Updated: Dec 11, 2020
Policarpa Salavarrieta, also known as “La Pola,” is a renowned figure in Colombian history. She was a revolutionary, a spy, and a seamstress who was integral to the Neogranadine resistance movement in the early 1800s. Her story has earned her a place in history for her bravery, heroism, and determination to move towards independence.
Policarpa was born in 1795 in Guaduas, a town in the Viceroyalty of New Granada, which is now modern-day Colombia. At the time of her birth, New Granada was experiencing a wave of revolutionary movements against the Spanish Empire. Guaduas was recently impacted by the Comunero Revolt against the Spanish Authorities, and this backdrop fueled Policarpa’s early exposure to politics and revolution. Policarpa’s family was heavily involved in the revolutionary movement, and La Pola soon became a known member of the resistance in Guaduas. Due to her notoriety in the area, Policarpa moved with her brother to Bogotá, where she could continue to support the rebellion.
La Pola soon moved into the home of Andrea Ricaurte de Lozano, a noblewoman whose home doubled as a base of operations for a female spy network in support of the Revolutionary movement. From here, Policarpa soon became employed as a seamstress, and she began working in the homes of Spanish military leaders and authorities. Using her inconspicuous age, gender, and position, La Pola eavesdropped on conversations to learn the strength of the Spanish forces, their movements, and which people they suspected of being rebels. She also recruited more members to the Resistance, helping the rebels strengthen their numbers and expand their operations network.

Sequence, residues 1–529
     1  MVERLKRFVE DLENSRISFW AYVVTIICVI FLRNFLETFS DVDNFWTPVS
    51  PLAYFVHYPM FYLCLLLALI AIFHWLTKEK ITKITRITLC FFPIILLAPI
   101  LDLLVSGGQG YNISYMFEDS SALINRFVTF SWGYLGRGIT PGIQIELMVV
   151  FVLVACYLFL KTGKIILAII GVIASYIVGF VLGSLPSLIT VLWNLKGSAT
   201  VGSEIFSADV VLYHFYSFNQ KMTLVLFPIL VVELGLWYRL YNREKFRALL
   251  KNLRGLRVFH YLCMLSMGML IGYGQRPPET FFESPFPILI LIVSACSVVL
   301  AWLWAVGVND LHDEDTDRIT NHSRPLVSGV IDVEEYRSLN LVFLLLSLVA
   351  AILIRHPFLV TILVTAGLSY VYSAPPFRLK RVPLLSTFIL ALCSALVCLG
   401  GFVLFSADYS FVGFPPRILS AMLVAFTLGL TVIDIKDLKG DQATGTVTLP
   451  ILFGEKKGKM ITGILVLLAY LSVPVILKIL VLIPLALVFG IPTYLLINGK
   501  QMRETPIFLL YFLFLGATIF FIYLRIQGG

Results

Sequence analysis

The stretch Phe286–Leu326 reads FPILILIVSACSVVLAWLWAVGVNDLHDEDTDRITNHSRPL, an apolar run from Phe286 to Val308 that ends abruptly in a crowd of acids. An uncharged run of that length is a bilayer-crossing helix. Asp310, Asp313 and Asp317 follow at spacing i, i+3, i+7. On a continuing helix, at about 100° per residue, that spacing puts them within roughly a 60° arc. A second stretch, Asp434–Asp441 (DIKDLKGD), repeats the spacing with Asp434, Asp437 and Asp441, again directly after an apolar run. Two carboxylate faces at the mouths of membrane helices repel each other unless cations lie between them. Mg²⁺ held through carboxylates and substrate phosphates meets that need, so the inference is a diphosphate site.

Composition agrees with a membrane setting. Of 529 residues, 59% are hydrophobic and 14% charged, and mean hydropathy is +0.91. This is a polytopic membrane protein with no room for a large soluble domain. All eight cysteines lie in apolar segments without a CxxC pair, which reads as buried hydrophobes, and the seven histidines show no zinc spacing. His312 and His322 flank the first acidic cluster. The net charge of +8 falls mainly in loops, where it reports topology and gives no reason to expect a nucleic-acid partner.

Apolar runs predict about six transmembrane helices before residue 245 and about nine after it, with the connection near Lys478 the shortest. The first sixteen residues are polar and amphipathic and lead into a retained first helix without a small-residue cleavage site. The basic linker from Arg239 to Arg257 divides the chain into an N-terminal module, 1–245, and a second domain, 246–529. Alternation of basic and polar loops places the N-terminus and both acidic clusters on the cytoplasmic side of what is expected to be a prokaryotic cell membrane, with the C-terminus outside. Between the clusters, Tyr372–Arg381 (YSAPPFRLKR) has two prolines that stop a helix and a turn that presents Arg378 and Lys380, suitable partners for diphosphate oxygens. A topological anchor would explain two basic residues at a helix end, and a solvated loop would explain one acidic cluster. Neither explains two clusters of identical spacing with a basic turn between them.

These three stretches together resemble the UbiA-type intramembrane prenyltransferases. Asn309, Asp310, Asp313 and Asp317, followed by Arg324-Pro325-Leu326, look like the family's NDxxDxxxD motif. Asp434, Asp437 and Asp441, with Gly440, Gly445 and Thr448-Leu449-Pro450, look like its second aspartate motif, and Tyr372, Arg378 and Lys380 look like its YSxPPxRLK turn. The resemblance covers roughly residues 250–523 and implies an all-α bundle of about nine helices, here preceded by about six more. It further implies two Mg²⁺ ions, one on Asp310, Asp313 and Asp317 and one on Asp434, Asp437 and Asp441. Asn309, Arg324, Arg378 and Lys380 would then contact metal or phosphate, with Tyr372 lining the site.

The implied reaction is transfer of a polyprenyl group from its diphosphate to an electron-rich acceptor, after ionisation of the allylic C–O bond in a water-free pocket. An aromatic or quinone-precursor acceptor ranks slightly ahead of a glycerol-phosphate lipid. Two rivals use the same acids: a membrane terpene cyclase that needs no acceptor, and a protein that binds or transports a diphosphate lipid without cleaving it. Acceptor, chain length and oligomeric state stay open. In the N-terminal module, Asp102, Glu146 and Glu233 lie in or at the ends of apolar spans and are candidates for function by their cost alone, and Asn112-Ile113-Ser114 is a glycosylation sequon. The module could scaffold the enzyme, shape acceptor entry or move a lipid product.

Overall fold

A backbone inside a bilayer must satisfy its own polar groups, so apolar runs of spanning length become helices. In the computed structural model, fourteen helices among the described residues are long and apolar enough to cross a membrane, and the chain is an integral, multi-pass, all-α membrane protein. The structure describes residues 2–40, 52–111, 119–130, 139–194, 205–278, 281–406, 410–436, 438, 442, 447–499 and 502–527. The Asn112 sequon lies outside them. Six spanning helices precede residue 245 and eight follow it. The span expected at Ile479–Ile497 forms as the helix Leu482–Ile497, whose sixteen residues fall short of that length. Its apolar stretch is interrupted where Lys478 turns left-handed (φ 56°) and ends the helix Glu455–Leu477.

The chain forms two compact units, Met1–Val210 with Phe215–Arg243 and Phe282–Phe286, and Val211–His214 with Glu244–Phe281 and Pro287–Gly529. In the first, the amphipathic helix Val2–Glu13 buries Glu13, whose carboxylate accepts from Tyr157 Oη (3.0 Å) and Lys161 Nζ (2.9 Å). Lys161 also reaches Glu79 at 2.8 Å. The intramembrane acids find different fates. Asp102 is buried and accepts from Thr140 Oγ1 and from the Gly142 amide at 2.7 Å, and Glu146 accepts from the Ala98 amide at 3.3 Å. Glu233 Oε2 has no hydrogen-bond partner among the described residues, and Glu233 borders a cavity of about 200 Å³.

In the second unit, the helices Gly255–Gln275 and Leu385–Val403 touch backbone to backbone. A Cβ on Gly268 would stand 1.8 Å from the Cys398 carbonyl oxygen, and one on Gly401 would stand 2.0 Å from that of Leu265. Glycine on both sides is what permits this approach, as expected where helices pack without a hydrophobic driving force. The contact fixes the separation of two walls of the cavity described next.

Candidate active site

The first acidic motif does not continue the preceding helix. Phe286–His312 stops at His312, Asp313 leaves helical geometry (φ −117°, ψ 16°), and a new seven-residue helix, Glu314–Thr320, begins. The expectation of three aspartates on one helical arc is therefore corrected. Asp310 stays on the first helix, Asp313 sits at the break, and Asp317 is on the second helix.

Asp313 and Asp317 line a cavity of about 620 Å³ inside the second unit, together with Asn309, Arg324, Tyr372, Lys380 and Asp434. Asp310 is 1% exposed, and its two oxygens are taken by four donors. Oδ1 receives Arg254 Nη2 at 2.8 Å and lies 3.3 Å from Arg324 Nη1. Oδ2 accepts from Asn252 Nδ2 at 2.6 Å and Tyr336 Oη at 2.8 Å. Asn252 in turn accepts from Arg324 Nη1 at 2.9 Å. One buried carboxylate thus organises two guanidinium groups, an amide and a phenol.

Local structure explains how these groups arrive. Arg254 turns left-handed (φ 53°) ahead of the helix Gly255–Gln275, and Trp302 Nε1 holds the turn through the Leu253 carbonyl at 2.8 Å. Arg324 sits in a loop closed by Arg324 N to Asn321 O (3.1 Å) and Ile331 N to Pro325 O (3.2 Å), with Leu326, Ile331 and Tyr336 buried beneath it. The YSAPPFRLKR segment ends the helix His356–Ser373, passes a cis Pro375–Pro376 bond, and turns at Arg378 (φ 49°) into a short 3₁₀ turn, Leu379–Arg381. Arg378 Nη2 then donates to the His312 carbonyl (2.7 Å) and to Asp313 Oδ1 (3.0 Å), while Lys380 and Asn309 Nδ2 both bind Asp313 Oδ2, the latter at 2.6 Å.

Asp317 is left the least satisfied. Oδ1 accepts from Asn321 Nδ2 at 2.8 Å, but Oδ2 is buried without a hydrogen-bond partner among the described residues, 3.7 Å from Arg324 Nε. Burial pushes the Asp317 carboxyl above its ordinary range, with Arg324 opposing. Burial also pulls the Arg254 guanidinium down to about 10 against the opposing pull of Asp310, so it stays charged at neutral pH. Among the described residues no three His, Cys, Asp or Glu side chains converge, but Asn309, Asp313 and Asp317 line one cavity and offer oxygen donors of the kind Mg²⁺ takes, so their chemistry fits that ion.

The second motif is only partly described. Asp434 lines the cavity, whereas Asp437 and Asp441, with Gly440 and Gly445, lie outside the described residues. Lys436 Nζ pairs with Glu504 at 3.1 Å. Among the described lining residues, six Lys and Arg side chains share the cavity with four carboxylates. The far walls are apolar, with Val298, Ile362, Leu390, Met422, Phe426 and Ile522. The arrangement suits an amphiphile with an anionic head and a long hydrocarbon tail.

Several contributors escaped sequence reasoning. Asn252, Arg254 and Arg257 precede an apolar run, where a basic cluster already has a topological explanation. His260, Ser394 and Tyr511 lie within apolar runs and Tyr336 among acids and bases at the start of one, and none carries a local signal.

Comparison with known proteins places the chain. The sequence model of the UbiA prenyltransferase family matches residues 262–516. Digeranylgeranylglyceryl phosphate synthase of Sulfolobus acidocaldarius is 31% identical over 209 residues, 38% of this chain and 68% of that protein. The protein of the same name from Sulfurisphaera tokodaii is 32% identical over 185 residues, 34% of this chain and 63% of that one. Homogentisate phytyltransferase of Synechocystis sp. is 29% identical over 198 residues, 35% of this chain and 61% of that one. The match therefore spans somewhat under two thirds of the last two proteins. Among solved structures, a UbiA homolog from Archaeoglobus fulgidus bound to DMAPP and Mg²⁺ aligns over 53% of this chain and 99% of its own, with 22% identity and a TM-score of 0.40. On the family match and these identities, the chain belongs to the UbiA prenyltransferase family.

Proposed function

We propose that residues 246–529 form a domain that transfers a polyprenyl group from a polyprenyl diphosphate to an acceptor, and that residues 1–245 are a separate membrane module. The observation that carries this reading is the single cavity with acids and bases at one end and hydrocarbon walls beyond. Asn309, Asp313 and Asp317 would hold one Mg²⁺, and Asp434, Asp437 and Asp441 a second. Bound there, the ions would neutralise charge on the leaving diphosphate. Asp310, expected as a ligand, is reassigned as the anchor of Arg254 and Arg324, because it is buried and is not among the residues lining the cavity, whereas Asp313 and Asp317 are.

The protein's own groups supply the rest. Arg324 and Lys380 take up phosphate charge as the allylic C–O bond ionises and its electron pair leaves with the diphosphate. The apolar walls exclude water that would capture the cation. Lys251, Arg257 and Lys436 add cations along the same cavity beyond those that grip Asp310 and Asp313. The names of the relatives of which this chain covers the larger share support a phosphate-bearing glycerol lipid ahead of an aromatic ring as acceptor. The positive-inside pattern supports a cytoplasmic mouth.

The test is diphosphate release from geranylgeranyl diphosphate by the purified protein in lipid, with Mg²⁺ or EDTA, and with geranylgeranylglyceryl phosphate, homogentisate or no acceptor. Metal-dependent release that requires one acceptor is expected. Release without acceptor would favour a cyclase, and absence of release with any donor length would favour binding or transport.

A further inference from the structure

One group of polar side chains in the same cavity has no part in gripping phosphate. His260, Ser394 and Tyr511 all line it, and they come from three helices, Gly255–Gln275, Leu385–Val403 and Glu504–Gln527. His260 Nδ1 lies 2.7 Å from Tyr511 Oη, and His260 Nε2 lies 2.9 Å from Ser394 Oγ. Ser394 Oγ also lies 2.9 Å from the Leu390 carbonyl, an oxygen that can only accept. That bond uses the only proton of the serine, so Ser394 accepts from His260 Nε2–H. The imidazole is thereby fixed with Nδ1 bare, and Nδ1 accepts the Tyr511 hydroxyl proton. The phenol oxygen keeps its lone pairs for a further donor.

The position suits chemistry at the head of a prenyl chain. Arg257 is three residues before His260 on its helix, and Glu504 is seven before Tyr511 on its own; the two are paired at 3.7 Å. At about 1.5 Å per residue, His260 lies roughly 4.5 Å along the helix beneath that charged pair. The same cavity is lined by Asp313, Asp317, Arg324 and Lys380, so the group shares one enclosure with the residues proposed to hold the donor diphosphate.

In 1817, Policarpa’s role in the Resistance was discovered by Spanish authorities when two of her compatriots were captured while carrying documents evidencing her involvement. Soon after, another rebel was captured with incriminating documents, giving the Spanish greater cause for arresting La Pola. Policarpa was quickly apprehended, but not until after she destroyed numerous documents, which included the names of her fellow revolutionaries (Adams, 1995). In November of 1817, Policarpa was arrested, tried, and executed.
Before her execution, Policarpa gave a stirring speech that encouraged fellow Neogranadine citizens to rise up against Spanish rule. She demonstrated her bravery and composure, calling for others to follow her example, by proclaiming, “Although I am a woman and young, I have more than enough courage to suffer this death and a thousand more!”
Policarpa’s life and death inspired many to follow in her footsteps and rebel against the Spanish Empire. New Granada achieved independence in 1823, and La Pola’s legacy helped fuel the Resistance even after death. Today, Policarpa’s story is still celebrated through telenovelas, plays, books, and more. For example, a statue of La Pola stands in her hometown of Guaduas, and her image is found on the 10,000 Colombian peso banknote as well as on several commemorative postage stamps.
Policarpa’s revolutionary efforts are also celebrated annually on November 14, known as the “Day of the Colombian Woman.” On this day, Colombian’s recognize the work of Colombian women, like La Pola, in achieving independence and driving history.